Last time we saw that we attribute to Solomon the phrase, eat, drink, and be merry, for tomorrow we die. In Ecc 3-4, he expands and repeats this theme by comparing the kinds of things men spend their lives striving after.
He had already noted that the end of a wise man and the end of a fool was the same: they both die. Today he notes that the end of a man and the end of an animal is the same: they both die, and return to dust.
Men oppress each other, however, even though the oppressor has power, his oppression does not profit him, because he too will die.
Men strive after things because they are in competition with their neighbors, but their competition will not profit them, because they too will die.
People will not be happy with their king, no matter who he is. So there is an advantage to being a wise and good king instead of a foolish and wicked one, but its advantage is not in securing the affection of the people.
Men who love money, will labor for money, and hoard money, even though money cannot profit them, because they too will die, and they cannot take their money with them.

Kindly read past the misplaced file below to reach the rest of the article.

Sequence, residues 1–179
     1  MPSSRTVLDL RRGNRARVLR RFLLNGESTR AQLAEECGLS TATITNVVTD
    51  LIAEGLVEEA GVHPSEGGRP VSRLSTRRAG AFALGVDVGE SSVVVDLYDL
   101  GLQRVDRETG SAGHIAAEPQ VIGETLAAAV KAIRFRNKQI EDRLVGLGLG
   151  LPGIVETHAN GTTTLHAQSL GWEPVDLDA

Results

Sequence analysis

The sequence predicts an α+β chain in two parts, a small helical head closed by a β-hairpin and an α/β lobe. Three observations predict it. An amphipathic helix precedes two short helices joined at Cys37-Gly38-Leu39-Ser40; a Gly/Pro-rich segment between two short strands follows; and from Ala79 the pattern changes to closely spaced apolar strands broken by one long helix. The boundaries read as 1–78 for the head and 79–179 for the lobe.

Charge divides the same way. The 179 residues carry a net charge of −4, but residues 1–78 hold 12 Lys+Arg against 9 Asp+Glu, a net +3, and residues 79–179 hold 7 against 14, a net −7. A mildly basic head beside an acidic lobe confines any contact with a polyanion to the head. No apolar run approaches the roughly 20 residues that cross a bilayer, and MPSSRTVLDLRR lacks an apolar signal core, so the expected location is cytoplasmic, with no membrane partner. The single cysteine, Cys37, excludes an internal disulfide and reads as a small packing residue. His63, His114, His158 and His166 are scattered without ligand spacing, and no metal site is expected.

The moral of the story is to enjoy today what you have labored for, and be content. That is your reward. Hoarding profits nothing, so be generous.
Of course, Solomon lived before Yeshua came, and we know that we in fact do have a reward, when we labor for that which profits others or profits God, instead of that which profits ourselves. Our reward is eternal life with God. That labor is not vanity, because now, with the Spirit of God in us, what we do does not have to be transient and temporary, but eternal.